Draft: Officials Must Declare Assets or Face Prison

According to a provisional draft of the long awaited anti-corruption law obtained Thursday, anybody who refuses to declare his personal as­­sets will be liable to a prison sentence of two to five years once the law is passed.

Government officials found to have taken bribes will face prison sentences of between one month and 15 years, according to the draft, dated May 18.

Judges found to have taken bribes must be punished with be­tween seven and 15 years in jail, and both they and other government officials will have to pay fines equivalent to twice the bribe mo­ney they are found to have taken, ac­cording to the draft.

Corrupt judges “must be punished in prison between seven and 15 years and pay double their bribery money,” the draft reads. “Corrupt acts are a crime that must re­ceive punishment in accordance with the law.”

Observers cautioned Thursday that the draft, which is over a month old, may already have been changed and may well be altered again before it is officially made pub­lic.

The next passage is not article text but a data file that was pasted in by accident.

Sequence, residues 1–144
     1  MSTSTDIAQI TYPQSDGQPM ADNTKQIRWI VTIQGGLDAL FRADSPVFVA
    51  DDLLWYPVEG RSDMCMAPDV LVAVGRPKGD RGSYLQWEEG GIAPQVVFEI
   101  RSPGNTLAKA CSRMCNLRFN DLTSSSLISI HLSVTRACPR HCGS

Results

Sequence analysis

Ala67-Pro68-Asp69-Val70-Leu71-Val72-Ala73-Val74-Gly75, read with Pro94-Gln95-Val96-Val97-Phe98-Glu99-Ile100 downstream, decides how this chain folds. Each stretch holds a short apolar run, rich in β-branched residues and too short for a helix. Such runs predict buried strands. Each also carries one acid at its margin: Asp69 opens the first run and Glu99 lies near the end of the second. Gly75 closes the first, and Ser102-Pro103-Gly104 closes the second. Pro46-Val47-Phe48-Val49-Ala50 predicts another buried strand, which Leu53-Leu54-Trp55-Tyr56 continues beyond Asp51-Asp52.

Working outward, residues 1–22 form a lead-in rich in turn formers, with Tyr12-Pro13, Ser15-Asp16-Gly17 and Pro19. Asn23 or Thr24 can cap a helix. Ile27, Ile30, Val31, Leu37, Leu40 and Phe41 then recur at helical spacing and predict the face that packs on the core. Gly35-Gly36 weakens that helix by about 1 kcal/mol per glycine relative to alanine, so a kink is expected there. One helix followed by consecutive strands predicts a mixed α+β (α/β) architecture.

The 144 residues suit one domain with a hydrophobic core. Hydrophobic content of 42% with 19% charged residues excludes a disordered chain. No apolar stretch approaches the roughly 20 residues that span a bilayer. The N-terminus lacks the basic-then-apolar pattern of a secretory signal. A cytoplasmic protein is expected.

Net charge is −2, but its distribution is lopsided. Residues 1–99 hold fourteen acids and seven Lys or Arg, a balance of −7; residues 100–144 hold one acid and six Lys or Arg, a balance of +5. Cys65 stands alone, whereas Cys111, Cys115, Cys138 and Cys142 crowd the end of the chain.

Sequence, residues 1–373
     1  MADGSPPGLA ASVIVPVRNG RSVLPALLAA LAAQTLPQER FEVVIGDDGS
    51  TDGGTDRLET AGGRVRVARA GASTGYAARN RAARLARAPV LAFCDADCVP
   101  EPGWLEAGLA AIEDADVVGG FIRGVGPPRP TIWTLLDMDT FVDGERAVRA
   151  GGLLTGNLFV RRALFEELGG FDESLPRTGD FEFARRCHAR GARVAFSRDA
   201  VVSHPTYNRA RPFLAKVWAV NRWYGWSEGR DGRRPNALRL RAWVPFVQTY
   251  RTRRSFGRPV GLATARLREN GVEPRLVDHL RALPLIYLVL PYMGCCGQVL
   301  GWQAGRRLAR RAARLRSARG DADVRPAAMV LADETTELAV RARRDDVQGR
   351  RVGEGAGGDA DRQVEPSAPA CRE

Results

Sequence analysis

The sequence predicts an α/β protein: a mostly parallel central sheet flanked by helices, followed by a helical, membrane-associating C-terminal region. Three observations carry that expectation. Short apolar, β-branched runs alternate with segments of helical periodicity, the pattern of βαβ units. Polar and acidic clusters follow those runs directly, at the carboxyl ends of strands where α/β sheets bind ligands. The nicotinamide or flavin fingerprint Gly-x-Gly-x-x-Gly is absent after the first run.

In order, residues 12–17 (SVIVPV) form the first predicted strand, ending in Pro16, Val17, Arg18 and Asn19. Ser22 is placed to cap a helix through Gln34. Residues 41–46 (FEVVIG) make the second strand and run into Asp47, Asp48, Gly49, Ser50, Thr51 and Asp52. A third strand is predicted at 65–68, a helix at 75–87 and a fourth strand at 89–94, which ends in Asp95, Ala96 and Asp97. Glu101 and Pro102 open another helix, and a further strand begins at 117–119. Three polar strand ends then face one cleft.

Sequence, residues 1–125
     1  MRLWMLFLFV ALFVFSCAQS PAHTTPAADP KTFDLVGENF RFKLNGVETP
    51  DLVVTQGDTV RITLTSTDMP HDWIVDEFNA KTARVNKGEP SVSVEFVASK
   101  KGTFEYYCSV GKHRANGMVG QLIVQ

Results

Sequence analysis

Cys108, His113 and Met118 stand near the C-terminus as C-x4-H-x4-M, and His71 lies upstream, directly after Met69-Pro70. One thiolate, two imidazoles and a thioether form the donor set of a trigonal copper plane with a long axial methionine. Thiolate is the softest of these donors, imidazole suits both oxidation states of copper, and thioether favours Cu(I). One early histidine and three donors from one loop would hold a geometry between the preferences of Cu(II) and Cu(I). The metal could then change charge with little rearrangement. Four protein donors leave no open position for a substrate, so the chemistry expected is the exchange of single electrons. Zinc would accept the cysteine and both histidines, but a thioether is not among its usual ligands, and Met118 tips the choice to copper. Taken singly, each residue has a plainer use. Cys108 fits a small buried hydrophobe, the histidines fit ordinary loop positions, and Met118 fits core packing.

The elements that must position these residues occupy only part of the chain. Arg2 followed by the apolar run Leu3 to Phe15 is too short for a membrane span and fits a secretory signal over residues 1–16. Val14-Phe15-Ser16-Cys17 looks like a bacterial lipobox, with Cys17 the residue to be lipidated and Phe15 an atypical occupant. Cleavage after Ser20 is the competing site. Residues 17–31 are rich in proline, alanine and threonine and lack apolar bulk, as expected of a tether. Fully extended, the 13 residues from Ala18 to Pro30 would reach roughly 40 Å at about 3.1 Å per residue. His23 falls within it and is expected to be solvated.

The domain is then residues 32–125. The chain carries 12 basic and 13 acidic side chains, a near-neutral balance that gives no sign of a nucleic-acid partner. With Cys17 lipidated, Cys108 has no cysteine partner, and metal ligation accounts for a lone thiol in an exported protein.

“It’s not the final one,” said Sok Sam Oe­un, executive director of the Cam­bodia Defenders Project, ad­ding that it is currently under con­­sideration by the Ministry of Na­­tional Assembly and Senate Re­lations and Inspection.

According to the draft, those re­fusing to declare their assets will face fines of between $2,500 and $25,000, as well as prison, and will be fired from their public positions.

If property gained through corruption is found kept in another country, the state must take measures to demand that it is returned to Cambodia, based on international cooperation, the draft reads.

Members of the private sector found to be involved in corruption will also face from one month to fifteen years in jail.

A draft will likely be available for of­ficial public consultation in Au­gust, the NGO Pact Cambodia said.  The business community will likely view the draft as a first step toward tackling graft, Tim Smyth, In­dochina Research managing di­rector, said Thursday.

But “not a lot of people are going to be dancing in the street,” because it’s still a long way from implementation, he added.

Opposition lawmaker Son Chhay said there are already provisional Untac laws that could be used to tackle bribery and the sale of state land.

Government spokesman Khieu Kanharith declined comment on Thursday, and Om Yentieng, ad­viser to Prime Minister Hun Sen, said he was too busy to comment.

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